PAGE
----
EU-ASEAN - From words to actions

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EU-ASEAN - From words to actions

Summary

Next year promises to be an important one for EU-ASEAN relations, noted moderator Shada Islam, Director of Europe & Geopolitics at Friends of Europe. As ASEAN moves closer to the development of the ASEAN Economic Community (AEC) and its Vision 2025 goals, the relationship between the two regional organisations, now entering its 40th year, is set to deepen.

European business, too, has a long history in the ASEAN member states, said Donald Kanak, Chairman of the EU-ASEAN Business Council, which represents over 11,000 European companies and multinationals in the region, spanning multiple sectors from manufacturing, through information and financial services, to logistics and consumer goods.

“There are many companies on the ground with deep roots in the region that are committed to sustainable growth and economic development,” he stressed. “We are seeing encouraging signs and a lot of optimism across the region for economic growth, social inclusion, and the prospects of European businesses.”

From now through 2030, ASEAN member states are set to nearly double the number of middle-class households to 160 million. In addition, the working and urban populations are expected to increase by 100 and 90 million respectively.

“The EU-ASEAN relationship is really about economics, trade, and investment,” said Islam. “In 2017, the discussion is set to focus renewed energy on an EU-ASEAN free trade agreement (FTA) and the economic dynamism of Southeast Asia and the European businesses that are at the core of the relationship.”

EU-ASEAN : From words to actions.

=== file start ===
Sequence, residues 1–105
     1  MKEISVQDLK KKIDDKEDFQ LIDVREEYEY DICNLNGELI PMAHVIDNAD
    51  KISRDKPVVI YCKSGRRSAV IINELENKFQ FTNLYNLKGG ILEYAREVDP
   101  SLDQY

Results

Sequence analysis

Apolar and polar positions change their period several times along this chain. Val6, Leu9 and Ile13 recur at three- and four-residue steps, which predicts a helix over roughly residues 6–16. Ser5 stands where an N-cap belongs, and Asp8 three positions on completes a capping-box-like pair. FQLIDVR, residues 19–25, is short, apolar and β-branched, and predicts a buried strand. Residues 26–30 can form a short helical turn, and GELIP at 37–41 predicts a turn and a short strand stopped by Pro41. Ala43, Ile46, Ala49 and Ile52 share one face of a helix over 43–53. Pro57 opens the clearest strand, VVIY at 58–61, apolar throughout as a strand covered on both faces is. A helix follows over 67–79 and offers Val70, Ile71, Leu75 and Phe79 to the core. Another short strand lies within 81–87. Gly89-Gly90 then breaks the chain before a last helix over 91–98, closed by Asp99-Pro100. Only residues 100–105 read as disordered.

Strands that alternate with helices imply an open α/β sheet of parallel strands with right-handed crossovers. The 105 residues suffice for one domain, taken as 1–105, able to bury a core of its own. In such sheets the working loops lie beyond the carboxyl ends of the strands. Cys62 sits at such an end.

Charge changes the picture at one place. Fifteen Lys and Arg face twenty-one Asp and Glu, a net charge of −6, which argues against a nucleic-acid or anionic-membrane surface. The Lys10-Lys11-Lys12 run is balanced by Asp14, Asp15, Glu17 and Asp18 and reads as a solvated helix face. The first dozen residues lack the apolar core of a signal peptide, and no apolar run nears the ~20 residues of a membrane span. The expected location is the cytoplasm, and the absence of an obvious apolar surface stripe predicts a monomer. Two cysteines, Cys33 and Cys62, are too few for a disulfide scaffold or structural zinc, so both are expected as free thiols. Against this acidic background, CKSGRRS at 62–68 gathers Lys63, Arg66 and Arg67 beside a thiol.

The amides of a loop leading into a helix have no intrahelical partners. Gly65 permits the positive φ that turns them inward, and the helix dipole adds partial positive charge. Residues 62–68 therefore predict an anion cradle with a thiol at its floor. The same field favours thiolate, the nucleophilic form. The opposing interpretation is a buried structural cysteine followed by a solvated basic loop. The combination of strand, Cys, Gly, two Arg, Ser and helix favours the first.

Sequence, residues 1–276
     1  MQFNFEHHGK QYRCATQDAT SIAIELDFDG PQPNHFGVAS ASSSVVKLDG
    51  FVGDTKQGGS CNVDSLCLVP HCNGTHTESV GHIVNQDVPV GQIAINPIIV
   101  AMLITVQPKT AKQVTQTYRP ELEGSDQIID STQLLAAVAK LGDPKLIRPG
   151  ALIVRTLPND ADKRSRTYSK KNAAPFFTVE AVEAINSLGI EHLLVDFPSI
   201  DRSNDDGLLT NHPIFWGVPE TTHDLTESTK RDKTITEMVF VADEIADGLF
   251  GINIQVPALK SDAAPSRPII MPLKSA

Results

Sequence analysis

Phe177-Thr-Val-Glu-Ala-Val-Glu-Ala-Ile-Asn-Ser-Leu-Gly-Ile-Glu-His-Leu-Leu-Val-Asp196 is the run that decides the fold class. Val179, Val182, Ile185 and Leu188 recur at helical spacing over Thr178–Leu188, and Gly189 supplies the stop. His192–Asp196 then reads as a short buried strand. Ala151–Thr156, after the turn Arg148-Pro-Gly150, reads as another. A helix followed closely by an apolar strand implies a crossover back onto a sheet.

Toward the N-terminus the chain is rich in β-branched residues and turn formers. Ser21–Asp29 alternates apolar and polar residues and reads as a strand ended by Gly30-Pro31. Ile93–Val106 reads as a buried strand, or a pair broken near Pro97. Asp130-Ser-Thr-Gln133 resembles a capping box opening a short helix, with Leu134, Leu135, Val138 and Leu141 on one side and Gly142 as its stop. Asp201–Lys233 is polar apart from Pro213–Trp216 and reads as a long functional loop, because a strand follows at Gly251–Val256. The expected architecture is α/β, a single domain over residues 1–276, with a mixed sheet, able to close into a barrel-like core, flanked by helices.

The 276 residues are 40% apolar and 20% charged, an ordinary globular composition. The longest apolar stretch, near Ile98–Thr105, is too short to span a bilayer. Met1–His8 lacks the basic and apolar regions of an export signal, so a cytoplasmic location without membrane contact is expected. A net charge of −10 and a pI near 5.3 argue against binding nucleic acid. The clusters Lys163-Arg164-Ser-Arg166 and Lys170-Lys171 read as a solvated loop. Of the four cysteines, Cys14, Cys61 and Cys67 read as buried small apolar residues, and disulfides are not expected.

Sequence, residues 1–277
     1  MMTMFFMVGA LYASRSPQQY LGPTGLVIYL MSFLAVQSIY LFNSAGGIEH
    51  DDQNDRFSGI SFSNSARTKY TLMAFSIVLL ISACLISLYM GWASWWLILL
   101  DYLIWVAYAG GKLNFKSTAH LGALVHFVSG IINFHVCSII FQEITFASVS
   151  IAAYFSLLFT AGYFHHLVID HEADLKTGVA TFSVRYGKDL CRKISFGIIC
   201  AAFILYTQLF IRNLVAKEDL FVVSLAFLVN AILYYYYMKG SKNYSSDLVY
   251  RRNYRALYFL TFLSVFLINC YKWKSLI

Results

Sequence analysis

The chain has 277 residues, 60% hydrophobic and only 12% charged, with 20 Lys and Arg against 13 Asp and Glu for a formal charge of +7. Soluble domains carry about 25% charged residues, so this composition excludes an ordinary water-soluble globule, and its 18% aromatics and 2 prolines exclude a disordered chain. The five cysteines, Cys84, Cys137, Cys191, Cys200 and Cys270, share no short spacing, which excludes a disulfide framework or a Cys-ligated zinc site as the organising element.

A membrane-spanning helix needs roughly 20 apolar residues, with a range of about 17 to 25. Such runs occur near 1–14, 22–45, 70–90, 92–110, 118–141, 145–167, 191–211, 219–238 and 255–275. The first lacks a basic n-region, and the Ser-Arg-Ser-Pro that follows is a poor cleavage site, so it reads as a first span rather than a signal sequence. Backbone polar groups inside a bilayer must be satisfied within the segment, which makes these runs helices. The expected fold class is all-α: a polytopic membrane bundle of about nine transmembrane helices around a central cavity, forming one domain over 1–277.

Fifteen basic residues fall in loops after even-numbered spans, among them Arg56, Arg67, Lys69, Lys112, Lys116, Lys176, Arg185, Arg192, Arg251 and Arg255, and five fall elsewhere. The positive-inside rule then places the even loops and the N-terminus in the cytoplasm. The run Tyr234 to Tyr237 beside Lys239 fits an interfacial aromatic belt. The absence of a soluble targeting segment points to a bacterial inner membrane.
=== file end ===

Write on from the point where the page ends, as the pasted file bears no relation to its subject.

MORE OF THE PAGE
About

About

As two of the most advanced regional organisations in the world, the EU and ASEAN are taking their relationship to the next level. The EU has become ASEAN’s biggest trading partner after China, and ASEAN now represents the EU’s third largest trading partner, with bilateral trade in goods and services reaching €246.6bn in 2014. ASEAN is also becoming an increasingly attractive investment destination for EU businesses, in part due to its efforts to drive regional economic integration and create an ASEAN Economic Community (AEC), which will allow the free flow of goods, services, investments, and skilled labour, and the freer movement of capital across the region. Politically, the appointment of a dedicated EU Ambassador to ASEAN in 2015 and the flurry of high-level visits to ASEAN, including by High Representative Mogherini and Commissioner Malmström, show the desire to upgrade relations to a more strategic level. The new ASEAN Community Vision for 2025, with its emphasis on building stronger people-to-people links, also opens new avenues for EU-ASEAN cooperation.

  • A year after it entered into force is the ASEAN Economic Community fulfilling its promises?
  • What are the main challenges encountered by EU businesses in ASEAN and vice versa and how could these be resolved?
  • Now that the EU has finalised Free Trade Agreements with two ASEAN member states, and is negotiating FTAs with 4 others, is it time for a region-to-region Free Trade Agreement?
  • How will Brexit affect EU-ASEAN trade and investment ties?

IMAGE CREDIT: CC / FLICKR – European External Action Service